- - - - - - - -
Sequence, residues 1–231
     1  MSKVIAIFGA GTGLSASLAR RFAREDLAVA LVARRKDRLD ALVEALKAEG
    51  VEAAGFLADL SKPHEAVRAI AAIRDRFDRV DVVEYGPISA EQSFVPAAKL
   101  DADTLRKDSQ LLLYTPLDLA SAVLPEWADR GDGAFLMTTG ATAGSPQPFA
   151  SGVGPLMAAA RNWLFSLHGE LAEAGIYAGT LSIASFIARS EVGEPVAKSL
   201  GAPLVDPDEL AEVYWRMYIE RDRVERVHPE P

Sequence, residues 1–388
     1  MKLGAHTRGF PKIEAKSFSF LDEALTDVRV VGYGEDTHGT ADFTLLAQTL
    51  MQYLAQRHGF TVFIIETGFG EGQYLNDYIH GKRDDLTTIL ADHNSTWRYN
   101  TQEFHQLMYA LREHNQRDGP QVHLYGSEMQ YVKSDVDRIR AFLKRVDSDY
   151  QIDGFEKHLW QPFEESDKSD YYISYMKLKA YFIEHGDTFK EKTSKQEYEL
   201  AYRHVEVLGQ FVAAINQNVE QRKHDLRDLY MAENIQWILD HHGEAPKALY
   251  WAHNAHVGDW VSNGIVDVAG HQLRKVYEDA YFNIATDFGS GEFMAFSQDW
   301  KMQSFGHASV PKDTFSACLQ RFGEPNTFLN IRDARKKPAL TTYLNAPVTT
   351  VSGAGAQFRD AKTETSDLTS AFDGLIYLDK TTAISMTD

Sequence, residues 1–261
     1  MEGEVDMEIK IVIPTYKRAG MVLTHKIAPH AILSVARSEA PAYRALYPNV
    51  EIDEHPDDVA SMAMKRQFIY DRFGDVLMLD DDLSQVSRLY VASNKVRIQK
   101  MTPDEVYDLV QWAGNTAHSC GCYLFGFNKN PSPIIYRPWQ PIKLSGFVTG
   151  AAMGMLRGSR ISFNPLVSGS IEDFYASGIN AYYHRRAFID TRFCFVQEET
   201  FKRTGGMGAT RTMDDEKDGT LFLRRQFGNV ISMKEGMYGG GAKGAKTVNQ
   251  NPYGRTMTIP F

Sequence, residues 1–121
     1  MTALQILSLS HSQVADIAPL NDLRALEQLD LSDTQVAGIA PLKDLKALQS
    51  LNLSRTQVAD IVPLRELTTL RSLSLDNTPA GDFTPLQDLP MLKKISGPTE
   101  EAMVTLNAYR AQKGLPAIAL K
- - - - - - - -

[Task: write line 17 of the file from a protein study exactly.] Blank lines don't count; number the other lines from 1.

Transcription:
     1  MEGEVDMEIK IVIPTYKRAG MVLTHKIAPH AILSVARSEA PAYRALYPNV